Hemineglect is among the more bizarre neurological conditions (which is also to say, devastating to the patient). In brief, the patient ignores one or the other half of space, right or left, up to and including his or her own body. They won't register stimuli on the neglected side and will even ignore their own bodies on that side, sometimes claiming that their limbs aren't their own: if you hold their arm up in front of them and ask them whose arm it is, they'll often insist it's a family member who's hiding nearby. (Yes, really.) A neurologist related to me that these patients will even sometimes request to be moved to a new bed in the hospital because there's someone else laying in bed with them (as in, the neglected half of their own body. Yes, really.) To these patients, a circle has only 180 degrees. The neglected half of space might as well be the fourth dimension.
Needless to say, natural experiments like these cases are a rich substrate for neurophilosophy. One aspect of neglect syndromes that I find interesting is that some of this behavior apparently amounts to a delusion, in the strict sense of a steadfast false belief. Neglect patients will sometimes complain that the hospital isn't feeding them enough, and of course when the nurse or physician comes into the room, they see a plate of food that's exactly half-eaten. So they turn the plate 180 degrees - and the patient grumbles "Good," and continues eating. See the disconnect here? If I were at dinner and said "Wow that green curry was good but I wish there were more," and my dining companion was able to magically produce more curry out of the fourth dimension before my eyes like some kind of a 3D chef visiting Flatland, of course I would be utterly amazed - but I haven't heard of such a reaction in the anecdotal reports I've heard from neurologists so far (I have not yet interacted with a neglect patient).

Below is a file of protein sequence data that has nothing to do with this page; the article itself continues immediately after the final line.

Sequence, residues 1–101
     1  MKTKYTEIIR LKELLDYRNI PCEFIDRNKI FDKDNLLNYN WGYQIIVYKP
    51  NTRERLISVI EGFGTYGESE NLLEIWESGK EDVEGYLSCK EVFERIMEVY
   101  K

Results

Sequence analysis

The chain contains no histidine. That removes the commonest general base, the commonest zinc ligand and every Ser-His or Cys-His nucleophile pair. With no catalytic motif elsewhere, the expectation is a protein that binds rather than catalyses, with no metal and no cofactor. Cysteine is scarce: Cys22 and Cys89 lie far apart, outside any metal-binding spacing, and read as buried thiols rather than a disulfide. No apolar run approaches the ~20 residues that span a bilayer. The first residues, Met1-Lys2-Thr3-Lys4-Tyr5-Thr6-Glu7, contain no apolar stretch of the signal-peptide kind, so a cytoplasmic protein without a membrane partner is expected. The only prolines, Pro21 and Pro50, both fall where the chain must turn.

I'll do my best to put myself in the neglect patient's place again. Most of us believe that we have exactly 2 arms and 2 legs, and would react incredulously if a researcher told us that no, in fact we had four arms and four legs, but we were only using two of each. The researcher says to me "Fine, I can prove it." In an empty room with just her and me, she holds up an arm in front of me that looks just like me other two arms - skin color, size, etc. - and says it's my arm. I can't feel it or move it, and somehow I'm unable to see what it connects to, and it seemed to appear out of thin air (just like the green curry). But having four arms is ridiculous! Yet I trust this researcher; she seems incredibly earnest, she can reproduce this trick any time I ask with no preparation, and as I soon discover, so can anyone else I ask, including people with no possible connection to the researcher. All of them can hold up in front of me one or two arms that look like my own arms.
In such a position, I would be forced to conclude, as bizarre as it seems, that the evidence points to some kind of a perceptual defect on my part. As strange as it is, and as much as I absolutely cannot understand where this arm is coming from or how it connects to me, I eventually have to accept the incredible truth (after many, many trials) that I and everybody else has four arms, and that there's something strange about my perception that keeps me from seeing them. And even if I remain incredulous, certainly I would at least want to know how they were doing this amazing trick. But severe neglect patients not only avoid curiosity about things that could disturb their limited perception of space, they make up impossible stories about where their limb is coming from if it's presented to them. Clearly the deficit that produces their inability to fully represent space is neurological, rather than psychogenic. But isn't this part of the behavior arguably delusional?
Nurturing the Brain – Part 11, Magnesium
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